Habitat for Humanity Revamped

The addition of a second house and a tutoring program for neighborhood children defines the sixth Hockaday and St. Mark’s Habitat for Humanity build.

BUSY BEES Students take a break for lunch each day at noon to enjoy Jason’s Deli sandwiches. Photo by Hailey

Cody was hooked. The seven-year-old South Dallas boy, surrounded by Hockaday

Seniors Ely and Helen work on siding atop the home on Bicker’s Street. Photo by Hailey

freshmen, learned the rules of chess.

After defeating his mentors multiple times during a build day in early January, Cody packed up his new chess set and returned to his house.

Among the other residents of Homeland Street, Cody is one of the South Dallas children who Hockaday students will mentor throughout the winter. Working in an unused trailer in South Dallas that belongs to the West Dallas Community Center, freshmen and sophomores are inviting local kids to play games and do homework every Saturday through March 2. The project is going on in conjunction with the annual Hockaday/St. Mark’s-sponsored Habitat for Humanity build.

Because students must be 16 to participate in the build, younger students can now participate in the project by working with children in the area. Each Saturday during January and February, Hockaday and St. Mark’s families travel to South Dallas to help revitalize the community surrounding Homeland street.

When Cody arrived home, his mother caught site of the chess board and told him that she had always wanted to learn how to play the game.

“I’ll teach you tonight!” Cody said and the pair retreated back into their home.

Head of Community Service Laura Day said that the idea of mentoring neighborhood children came to her in two ways.

“The freshmen and sophomores are a little disconnected from the project because they can’t go [to the builds],” Day said. “We thought it would be a good win-win for the freshmen and sophomores [to get to be a part of the project].”

Day said that on the bus, the neighborhood kids will have multiple opportunities to play games and win prizes.

“We’ll play a lot of bingo, so they can win a lot of stuff,” Day said.

Aside from fun and games, Day said the bus will be used as a place to complete homework assignments.

“On the flyer [to reach out to the neighborhood kids], we [told] the kids to bring their homework just in case their families are not able to help them.”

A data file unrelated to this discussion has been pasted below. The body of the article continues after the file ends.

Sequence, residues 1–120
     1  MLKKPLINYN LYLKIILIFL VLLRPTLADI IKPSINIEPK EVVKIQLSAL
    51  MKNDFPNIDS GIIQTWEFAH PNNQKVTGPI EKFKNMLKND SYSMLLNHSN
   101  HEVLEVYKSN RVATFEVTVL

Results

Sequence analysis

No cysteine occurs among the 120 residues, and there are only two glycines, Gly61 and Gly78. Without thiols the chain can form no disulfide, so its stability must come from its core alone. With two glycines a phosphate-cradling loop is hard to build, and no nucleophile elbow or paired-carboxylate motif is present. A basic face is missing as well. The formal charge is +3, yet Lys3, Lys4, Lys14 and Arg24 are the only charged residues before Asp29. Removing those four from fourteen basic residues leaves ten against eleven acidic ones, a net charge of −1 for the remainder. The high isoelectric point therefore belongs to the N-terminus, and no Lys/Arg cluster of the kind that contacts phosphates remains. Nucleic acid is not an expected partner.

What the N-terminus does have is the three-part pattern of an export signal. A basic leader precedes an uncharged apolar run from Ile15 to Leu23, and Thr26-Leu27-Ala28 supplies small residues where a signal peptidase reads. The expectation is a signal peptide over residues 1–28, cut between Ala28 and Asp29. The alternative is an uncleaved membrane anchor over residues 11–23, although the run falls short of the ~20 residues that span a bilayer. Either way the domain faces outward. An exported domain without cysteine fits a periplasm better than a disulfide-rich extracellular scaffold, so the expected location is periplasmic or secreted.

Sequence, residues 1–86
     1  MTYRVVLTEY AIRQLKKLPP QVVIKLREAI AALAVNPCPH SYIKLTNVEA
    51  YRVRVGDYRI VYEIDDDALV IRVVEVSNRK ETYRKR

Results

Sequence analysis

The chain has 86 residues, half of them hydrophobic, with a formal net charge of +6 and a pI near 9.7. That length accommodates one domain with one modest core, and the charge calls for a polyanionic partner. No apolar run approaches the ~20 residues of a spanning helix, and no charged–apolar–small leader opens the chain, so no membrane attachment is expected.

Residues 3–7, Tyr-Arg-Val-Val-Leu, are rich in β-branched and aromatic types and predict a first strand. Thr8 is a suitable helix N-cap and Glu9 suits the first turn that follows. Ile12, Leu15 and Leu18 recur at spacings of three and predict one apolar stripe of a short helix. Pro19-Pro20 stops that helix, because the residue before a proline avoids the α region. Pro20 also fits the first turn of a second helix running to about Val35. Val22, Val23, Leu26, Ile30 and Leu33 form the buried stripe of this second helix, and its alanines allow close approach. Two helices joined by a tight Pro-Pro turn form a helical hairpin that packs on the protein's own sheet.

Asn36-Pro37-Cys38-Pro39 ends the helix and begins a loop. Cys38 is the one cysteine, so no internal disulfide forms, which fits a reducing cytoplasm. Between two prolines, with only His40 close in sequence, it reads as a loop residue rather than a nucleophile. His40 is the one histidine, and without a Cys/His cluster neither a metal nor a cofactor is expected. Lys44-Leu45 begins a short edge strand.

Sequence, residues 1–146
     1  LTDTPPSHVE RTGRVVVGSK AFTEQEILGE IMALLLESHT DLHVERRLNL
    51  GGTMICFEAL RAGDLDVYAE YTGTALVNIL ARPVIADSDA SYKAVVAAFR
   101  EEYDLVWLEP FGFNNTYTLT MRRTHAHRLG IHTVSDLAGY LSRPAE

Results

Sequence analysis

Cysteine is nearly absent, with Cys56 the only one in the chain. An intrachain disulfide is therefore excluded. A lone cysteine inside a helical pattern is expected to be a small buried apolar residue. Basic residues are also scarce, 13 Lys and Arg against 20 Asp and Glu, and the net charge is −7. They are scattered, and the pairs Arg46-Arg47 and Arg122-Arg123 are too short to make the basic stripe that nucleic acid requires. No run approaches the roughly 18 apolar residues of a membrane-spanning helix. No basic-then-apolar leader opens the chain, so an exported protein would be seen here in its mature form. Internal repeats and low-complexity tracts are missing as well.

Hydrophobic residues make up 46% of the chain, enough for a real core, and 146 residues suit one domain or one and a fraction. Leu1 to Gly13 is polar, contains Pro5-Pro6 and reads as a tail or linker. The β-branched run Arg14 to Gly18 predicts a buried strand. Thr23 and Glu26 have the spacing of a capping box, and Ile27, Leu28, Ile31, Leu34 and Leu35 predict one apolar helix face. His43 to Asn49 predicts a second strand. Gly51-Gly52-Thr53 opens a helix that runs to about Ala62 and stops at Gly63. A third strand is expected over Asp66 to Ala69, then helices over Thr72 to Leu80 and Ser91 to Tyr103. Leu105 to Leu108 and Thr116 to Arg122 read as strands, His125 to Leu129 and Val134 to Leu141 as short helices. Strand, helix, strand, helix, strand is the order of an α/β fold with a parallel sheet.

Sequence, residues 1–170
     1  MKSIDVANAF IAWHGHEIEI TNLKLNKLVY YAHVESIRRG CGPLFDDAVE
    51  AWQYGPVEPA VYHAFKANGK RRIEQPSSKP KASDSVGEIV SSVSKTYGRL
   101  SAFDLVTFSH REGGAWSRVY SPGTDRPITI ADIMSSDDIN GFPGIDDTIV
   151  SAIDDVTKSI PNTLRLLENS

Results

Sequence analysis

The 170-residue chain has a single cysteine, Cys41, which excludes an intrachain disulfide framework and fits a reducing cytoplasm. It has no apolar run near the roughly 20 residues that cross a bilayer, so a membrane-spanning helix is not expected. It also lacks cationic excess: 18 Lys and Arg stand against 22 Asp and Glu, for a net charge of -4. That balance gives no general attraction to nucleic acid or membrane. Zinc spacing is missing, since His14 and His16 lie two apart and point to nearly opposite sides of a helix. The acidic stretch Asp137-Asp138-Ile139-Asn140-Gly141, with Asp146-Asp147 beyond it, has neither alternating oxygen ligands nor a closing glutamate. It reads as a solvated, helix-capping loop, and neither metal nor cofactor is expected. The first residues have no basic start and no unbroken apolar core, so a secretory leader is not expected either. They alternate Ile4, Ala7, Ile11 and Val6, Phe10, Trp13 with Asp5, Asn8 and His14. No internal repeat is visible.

To spread the word about this new opportunity in the community, Day and the West Dallas Community Center passed out around 150 flyers around the community to draw kids to the trailer. She added that the new program was established cost-free.

“The West Dallas Community Center has this trailer that they have been wanting to use,” Day said. “The hope is that they will be able to pull the trailer up every Saturday morning so the kids will have a place to go.”

Day hopes to be able to give the kids a tour of the Habitat homes to help them to “understand what it means to be part of a community.”

But this program would not be the only addition to the Habitat project this year. The build doubled in scope with the addition of a second Hockaday/St. Mark’s-sponsored house build.

Two families, instead of one like previous years, will partner with Habitat and Hockaday/St. Mark’s to build a home.

“Our community is, luckily, very generous so we were able to pull together double the funds so we are able to build two houses,” Habitat for Humanity project co-head senior Emily said.

David Michel, father of sophomore Elizabeth and St. Mark’s John Michel ‘10, brought the Habitat for Humanity project to Hockaday and St. Mark’s over five years ago. He said that Hockaday and St. Mark’s families donated $150,000 this year, double the sum required last year, to build the two houses.

“I want Hockaday students who have helped transform Homeland Street by building one of our homes to return in 10 years with their own children,” Michel said, “and tell them how they were a part of something very big and very special.”